What I really enjoyed most upon re-reading (Note: I actually listened to most of this on audio, narrated by Carolyn Seymour) was the structure of the book and the way the narrative is framed.  Mr. Lockwood is renting Thrushwood Grange 20 years or so after the events of the book take place and the story is then related to him by Nelly over the course of a few nights. I just love the way the story is wrapped in a story which is wrapped in a story. 

22 comments:

  1. Hi Ruthiella, thanks for another really great review. I read Wuthering Heights for tne first time when I was about 40 and have been thinking about reading it again. It's a great classic and Emily Bronte throughout the course of the novel sets a tone that draws you in. Prior to reading the book I had seen tne movie and that was a shock. Lawrence Olivier was a romantic Heathcliff. The Heathcliff in the book however was much different and rather violent as I recall. Agree with your point that what makes a classic is that each time you read it you get something new out of the experience.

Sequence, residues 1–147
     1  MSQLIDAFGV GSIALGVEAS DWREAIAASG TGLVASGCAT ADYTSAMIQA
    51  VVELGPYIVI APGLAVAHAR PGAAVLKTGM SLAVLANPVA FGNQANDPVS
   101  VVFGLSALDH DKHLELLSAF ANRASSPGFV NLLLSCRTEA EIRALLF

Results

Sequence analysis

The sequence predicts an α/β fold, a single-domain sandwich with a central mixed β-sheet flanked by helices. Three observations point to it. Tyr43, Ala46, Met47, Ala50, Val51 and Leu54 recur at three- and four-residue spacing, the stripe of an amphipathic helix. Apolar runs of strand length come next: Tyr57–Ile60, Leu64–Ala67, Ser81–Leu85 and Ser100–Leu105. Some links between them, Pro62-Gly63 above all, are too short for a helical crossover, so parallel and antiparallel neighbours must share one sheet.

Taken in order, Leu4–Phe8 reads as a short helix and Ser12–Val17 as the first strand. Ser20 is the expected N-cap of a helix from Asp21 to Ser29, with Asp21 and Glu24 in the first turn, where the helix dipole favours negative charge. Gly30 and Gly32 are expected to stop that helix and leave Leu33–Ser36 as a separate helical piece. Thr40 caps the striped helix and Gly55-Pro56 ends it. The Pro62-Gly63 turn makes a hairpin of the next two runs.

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    1. Thanks for the comment Kathy! I have never seen a film adaptation of this book but I can imagine that such interpretation might focus more on the "romance" angle. Heathcliff is very violent and emotionally manipulative in the book. Emily Bronte made no effort to soften him.

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    2. Hi Ruthiella, if you do get a chance I think you would really like Wuthering Heights starring Lawrence Olivier and Merle Oberon but its a totally different movie than the book. For example the movie ends with Cathy's death and Olivier overcome at her bedside but the entire second part of the book cut from the movie.

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    3. Hi Kathy, I will try and get my hands on a dvd! Thanks for the tip!

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  2. I first read Wuthering Heights in my teens and have reread it once, but even that was many years ago. The second time I read it, I, too, concentrated on the structure and the unreliable narrator as much as the Heathcliff/Cathy relationship. The first time I read it, I "experienced" it, the second time, I "examined" it. Both were rewarding.